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When Apple announced new products last week which included a new Magic Trackpad among other goodies, one which may had seemed unusual for some was the new Apple Rechargeable Batteries and Charger.
In fact, this may have excited me more than the other product announcements.
Last February, I finally broke down and bought the Magic Mouse after being frustrated with the little trackball in the Mighty Mouse constantly getting clogged up which required me to attempt to clean it out. When the Magic Mouse was released, there was only a wireless model. I thought perhaps a wired model would be on its way soon as in the past Apple always had a wired version along with a wireless version of their computers mouses.
After struggling to get FileMaker Pro databases to work on the Apple iPhone and iPad by importing them (against their will) into Bento and using the iOS versions of Bento on the said devices, there are now options available for using actual FileMaker Pro databases themselves. Yes, that is plural...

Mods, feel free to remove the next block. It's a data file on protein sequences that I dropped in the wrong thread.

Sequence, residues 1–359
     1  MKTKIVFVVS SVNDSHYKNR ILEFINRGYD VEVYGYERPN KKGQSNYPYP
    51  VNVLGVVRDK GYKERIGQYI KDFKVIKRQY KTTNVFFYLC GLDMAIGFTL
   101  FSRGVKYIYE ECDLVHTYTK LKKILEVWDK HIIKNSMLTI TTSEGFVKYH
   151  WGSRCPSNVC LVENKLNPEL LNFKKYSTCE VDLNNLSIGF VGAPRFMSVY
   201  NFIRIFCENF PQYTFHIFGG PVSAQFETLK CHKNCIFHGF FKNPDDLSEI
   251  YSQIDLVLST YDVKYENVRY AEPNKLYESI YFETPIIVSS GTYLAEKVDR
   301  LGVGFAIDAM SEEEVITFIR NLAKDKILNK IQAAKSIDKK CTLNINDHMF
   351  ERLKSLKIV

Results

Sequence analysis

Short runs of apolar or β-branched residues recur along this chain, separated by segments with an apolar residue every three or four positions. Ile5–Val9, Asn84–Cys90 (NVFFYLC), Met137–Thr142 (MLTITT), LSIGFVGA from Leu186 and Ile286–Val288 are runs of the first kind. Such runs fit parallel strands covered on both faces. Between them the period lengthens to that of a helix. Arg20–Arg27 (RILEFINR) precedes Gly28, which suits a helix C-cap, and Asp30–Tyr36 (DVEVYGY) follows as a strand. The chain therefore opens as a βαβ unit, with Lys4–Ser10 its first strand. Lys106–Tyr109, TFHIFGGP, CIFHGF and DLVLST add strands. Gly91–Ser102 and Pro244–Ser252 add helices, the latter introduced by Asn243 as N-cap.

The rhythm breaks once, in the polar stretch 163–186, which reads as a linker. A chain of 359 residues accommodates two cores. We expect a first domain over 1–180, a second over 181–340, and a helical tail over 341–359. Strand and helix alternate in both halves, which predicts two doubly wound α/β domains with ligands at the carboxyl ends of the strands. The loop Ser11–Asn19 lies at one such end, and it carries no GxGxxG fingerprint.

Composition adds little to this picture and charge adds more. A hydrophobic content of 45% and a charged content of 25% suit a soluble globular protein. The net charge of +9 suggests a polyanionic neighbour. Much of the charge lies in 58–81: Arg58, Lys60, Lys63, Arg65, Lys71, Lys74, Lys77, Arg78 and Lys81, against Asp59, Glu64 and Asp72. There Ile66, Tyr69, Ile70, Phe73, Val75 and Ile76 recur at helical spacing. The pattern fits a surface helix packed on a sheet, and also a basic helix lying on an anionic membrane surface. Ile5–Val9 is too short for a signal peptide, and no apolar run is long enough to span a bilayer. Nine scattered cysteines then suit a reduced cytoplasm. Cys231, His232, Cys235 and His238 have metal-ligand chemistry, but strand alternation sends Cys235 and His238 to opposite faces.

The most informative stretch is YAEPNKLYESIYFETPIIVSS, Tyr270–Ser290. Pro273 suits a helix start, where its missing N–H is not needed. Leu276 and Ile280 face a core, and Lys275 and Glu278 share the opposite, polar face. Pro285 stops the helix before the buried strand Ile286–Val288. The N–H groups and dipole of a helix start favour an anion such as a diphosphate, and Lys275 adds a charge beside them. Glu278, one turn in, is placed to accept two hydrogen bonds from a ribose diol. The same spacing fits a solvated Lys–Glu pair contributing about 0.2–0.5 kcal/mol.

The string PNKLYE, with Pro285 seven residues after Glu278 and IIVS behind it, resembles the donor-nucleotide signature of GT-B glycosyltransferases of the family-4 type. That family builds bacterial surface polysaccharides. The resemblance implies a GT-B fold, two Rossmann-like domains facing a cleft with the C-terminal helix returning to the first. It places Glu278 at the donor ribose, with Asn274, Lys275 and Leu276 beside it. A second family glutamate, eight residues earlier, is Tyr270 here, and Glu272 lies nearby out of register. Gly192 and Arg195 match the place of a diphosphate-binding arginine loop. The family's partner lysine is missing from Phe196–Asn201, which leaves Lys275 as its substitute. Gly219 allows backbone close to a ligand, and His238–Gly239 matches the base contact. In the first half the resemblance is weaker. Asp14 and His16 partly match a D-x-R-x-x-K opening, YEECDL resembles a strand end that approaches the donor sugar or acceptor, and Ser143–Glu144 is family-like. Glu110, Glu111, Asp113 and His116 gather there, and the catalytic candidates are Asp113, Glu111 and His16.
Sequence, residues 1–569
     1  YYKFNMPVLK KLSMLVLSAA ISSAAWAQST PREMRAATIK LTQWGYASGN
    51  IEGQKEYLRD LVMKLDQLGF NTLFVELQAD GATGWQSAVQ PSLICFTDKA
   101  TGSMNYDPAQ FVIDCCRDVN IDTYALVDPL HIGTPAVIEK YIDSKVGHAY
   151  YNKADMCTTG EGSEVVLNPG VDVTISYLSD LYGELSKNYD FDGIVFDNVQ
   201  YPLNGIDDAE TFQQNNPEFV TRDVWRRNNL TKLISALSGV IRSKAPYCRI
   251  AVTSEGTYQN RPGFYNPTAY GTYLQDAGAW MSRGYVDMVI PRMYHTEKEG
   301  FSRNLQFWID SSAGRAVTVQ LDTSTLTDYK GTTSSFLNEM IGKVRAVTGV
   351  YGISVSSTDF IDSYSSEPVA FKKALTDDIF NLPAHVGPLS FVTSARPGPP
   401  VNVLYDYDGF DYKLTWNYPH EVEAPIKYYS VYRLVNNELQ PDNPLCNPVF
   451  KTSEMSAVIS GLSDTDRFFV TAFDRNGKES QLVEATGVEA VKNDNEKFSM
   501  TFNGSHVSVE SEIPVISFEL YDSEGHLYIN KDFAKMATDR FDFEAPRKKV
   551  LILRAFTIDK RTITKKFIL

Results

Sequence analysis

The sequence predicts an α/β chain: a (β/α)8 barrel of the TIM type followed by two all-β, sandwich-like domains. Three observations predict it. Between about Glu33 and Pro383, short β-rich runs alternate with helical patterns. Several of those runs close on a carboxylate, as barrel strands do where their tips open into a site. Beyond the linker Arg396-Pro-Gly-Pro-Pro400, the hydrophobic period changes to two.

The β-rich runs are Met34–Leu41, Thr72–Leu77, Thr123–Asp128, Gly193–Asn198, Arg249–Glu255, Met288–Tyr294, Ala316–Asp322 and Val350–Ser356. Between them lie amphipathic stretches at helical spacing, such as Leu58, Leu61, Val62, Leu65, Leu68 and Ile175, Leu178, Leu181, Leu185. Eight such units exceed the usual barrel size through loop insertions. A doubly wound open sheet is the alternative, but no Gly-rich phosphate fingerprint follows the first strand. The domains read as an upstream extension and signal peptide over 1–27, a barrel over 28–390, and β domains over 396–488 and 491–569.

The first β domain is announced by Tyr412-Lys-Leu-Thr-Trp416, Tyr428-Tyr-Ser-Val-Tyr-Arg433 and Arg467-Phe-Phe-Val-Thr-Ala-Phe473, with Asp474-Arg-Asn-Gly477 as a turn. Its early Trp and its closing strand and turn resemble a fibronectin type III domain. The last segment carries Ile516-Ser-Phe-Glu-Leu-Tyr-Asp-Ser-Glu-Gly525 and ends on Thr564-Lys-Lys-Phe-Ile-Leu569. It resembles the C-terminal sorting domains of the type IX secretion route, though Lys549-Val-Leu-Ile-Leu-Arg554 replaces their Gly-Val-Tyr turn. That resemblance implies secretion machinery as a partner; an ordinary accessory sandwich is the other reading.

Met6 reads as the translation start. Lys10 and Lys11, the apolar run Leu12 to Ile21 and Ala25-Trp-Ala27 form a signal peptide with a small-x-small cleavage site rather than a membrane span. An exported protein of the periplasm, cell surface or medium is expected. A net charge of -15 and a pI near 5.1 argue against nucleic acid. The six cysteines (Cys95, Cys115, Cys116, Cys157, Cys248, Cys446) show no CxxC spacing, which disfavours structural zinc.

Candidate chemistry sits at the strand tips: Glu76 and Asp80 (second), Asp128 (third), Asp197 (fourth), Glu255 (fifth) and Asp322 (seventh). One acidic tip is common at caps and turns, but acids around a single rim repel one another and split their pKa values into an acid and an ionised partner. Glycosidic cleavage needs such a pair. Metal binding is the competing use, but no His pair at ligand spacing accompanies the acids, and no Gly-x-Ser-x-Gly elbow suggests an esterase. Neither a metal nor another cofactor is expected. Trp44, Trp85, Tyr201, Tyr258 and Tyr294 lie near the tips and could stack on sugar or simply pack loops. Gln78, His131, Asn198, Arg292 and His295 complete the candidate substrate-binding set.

First, the 3rd party software FMTouch which is a universal app (for both iPhone/iPod touch and iPad) has cut its price by two-thirds (now $9.99 as opposed to $29.99).
Secondly, FileMaker themselves have now entered the ring with their own app:
In promotion of the upcoming film Tron Legacy (coming to theaters on the 17th of December 2010 in the US) and the upcoming Tron Evolution video game (also coming later this year), Disney has released a new Tron game available for free in the Apple iTunes App Store (for iPhone and iPod touch) (iTunes link: TRON - Disney). Trailers for both are included in the game.
Multitasking has come to the iPhone, well it was there all along, but only for Apple apps, now with the release of iOS 4 any app can be developed to take advantage of it (if your iPhone supports multitasking).